As the foul larva grows, it devours its victim from the inside. Though paralyzed, these poor souls appear to feel a great deal of pain. I suppose it is possible magic may be able to save the incubators from their dread parasites. It must be capable of some good. But the easiest and most honorable thing to do is to put these tortured people quickly out of their misery. However, to insure the immature phaerimm is dead, the host body should be burned to ashes.

That I know of, phaerimm have no weaknesses to exploit. Their power can only be matched with equal power. Each phaerimm is a sorcerer, and most have developed unique spells for their own use. I myself have seen phaerimm magic drain all of the life-sustaining fluids from an enemy, turning him into a dry, dead husk in just a few minutes. Those magics involving charms and mind control are among their most powerful. Faugh on magic! Even El'Minster, who counts himself a powerful sorcerer, says he must be wary lest he fall prey to a phaerimm charm.

Phaerimm are supremely arrogant and self-confident, positive their magic can overcome any threat. I am not so sure that they are wrong.

Phaerimm, Adult


Beneath much of Anauroch there exist strange beings known as thaalud, or tomb-tappers. These creatures are oddly shaped, being in a man's general form, but with a faceless head. Large, tooth-filled maws are located in their midsections, and they appear to be sexless as well as hairless. Their skin looks to be of granite, and it is said that their claws can burrow through solid stone at an amazing rate.

Tomb-tappers, known among the few Bedine that have seen them as the Faceless, do not live on the surface of the desert, nor even in the caves and caverns of the Underdark. Instead I can report - because I have seen them with my own eyes - they tunnel up to our land from the very bowels of the world. They seek the ancient tombs of those long dead sorcererkings who ruled in ages past.

Why do they come? The creatures revere magic. Like the phaerimm, they seek magical items - but unlike those sorcerous monsters, the Faceless do not seek to use their treasures. They choose only to honor them.

Unlike all other creatures of the Underdark, thaalud are not servants of the phaerimm. In fact, they do not seem affected by the dark lords at all. The Faceless completely resist phaerimm mind-controlling magic, and the monsters know it. Because of this failure, the phaerimm have a special hatred for the Faceless. They are always looking for methods to interfere with or destroy thaalud.

For myself, I have neither seen nor heard of a young thaalud. I suspect that they are incapable of reproduction, which explanation would fit with creatures of a solely magical origin.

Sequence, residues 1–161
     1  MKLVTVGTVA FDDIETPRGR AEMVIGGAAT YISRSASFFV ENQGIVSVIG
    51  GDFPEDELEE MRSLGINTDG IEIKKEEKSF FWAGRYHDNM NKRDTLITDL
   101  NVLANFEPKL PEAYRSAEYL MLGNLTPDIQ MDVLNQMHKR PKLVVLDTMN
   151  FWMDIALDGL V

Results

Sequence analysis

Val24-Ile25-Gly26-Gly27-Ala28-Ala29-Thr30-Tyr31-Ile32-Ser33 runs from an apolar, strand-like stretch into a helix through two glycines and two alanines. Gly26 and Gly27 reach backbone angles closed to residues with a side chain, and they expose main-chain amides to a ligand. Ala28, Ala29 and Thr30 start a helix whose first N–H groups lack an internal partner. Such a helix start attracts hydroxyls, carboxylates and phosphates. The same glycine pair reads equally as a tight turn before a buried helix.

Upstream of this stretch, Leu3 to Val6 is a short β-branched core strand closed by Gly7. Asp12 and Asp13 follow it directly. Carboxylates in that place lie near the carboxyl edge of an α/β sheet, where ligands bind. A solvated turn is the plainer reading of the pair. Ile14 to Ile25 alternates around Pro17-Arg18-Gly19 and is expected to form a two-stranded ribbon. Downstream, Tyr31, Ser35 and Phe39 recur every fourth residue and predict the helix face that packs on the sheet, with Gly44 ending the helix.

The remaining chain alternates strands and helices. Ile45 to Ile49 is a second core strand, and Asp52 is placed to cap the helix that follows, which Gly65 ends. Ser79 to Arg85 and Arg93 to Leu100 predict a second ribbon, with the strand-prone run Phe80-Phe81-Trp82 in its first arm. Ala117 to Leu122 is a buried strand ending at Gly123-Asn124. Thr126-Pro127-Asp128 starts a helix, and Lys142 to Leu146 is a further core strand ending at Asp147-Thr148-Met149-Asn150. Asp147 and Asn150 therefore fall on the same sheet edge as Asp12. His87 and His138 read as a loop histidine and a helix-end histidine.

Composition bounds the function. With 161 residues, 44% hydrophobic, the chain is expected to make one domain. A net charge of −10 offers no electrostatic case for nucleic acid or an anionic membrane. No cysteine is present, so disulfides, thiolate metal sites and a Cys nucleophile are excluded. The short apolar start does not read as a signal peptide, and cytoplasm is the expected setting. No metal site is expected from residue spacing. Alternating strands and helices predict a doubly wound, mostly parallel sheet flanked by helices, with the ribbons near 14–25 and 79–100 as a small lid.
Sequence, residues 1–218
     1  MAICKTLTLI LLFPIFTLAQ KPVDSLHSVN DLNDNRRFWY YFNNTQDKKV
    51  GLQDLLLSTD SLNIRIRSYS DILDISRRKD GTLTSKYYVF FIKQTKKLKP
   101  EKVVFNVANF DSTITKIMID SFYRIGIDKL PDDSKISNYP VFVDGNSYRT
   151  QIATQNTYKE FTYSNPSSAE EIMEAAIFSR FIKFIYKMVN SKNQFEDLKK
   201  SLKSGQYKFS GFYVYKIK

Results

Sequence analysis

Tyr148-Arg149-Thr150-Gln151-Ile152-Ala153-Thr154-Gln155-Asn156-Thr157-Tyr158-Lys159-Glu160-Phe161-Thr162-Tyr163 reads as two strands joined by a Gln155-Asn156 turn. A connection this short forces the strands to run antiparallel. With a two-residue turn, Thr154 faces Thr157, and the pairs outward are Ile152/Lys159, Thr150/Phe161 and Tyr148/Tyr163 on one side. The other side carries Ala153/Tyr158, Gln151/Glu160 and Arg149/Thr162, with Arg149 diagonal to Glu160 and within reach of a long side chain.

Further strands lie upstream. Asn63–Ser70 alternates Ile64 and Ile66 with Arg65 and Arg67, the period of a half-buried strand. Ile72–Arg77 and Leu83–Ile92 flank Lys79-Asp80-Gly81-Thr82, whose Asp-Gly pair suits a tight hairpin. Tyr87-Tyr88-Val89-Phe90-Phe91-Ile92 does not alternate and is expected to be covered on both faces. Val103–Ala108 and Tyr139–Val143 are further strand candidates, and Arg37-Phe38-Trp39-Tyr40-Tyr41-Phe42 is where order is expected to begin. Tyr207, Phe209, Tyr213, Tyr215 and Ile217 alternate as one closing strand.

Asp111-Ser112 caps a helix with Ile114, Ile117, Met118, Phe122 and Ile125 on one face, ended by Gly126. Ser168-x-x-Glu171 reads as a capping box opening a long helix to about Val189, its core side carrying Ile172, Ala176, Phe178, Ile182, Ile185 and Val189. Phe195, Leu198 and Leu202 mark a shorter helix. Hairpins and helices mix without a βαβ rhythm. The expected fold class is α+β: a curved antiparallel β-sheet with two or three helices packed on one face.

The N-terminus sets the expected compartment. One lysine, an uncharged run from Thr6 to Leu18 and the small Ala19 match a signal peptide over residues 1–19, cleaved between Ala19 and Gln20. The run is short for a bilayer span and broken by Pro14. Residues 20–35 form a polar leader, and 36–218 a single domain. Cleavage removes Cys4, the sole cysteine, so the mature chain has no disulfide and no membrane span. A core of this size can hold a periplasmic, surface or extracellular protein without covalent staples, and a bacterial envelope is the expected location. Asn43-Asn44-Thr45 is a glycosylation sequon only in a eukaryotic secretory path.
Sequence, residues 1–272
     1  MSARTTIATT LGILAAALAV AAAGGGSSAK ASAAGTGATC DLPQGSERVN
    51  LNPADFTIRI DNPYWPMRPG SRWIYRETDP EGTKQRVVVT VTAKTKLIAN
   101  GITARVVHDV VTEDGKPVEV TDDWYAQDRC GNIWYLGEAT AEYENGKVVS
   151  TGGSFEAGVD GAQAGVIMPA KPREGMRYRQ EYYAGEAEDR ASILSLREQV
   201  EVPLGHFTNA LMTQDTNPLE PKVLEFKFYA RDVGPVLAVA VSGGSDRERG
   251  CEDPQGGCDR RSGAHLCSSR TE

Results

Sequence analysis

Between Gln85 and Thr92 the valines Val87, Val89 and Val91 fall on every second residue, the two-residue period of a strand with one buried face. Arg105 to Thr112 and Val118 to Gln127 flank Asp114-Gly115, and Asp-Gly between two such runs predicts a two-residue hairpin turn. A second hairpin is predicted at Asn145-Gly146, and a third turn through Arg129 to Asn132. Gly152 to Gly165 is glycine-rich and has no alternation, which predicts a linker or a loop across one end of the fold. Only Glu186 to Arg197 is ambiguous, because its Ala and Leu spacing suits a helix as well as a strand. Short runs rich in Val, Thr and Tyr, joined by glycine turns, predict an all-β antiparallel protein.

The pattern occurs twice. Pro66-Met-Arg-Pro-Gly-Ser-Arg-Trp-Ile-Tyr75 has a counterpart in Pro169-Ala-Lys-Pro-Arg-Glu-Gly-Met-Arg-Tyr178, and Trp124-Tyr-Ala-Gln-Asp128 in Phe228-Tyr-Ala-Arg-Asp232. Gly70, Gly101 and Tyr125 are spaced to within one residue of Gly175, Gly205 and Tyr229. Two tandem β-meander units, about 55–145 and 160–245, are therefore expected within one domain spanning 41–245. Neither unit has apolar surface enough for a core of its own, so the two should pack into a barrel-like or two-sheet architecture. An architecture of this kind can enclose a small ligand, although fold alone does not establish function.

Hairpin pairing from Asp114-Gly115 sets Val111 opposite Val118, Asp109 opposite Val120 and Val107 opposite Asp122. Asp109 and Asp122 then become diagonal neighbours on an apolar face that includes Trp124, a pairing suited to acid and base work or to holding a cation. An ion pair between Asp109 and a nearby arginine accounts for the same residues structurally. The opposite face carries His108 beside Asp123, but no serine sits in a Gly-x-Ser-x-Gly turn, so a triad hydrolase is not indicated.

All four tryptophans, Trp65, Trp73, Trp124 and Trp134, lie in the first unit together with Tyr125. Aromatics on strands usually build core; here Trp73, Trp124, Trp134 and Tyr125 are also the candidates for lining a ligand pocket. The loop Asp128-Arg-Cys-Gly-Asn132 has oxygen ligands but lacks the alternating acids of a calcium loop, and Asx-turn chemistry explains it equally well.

An ulugarr priest by the name of Demoiliss once told me he had read in a book called the Bestiary written by someone named Hlammech the Naturalist. (He graciously offered this slender, leather-bound volume up for my inspection, not knowing books and reading are somewhat beyond me. I would never embarrass a priest by pointing out his error, so I just nodded and smiled.) The text tells a little of the nature of thaalud.

According to this clever and learned book, tombtappers eat stone, although they can extract nutrients from blood and bone if they have to. I shudder at the thought. They can also absorb water directly through their skin.

Demoiliss began to tell me thaalud reverted to stone when they were killed. This was not news to me. I had learned about the reversion some time ago on my own. In fact, I beheld the phenomenon with my own eyes on that ill-fated journey across the High Ice.

An unfortunate encounter in that frigid land put me in a fight with two thaalud. Both had the huge metal hammers that tomb-tappers always seem to carry, which proved to be formidable weapons. My companions and I slew one, and ran from the other. But our flight was to no avail. If only Demoiliss had read his book to our traveling party before that day. Just as the book confirmed to me when Demoiliss read from it, these beings can sense magic (almost like a camp dog scenting lizards). Unfortunately, my gnomish allies were not willing to part with theirs. The tomb-tappers insisted.

A word to the wise: If you encounter thaalud, and they demand that you hand over your magical possessions, do not refuse. Do not lie to them, either - it does not work. You are better off without the taint of magic in any case.

Tomb Tapper

Elminster's Ecologies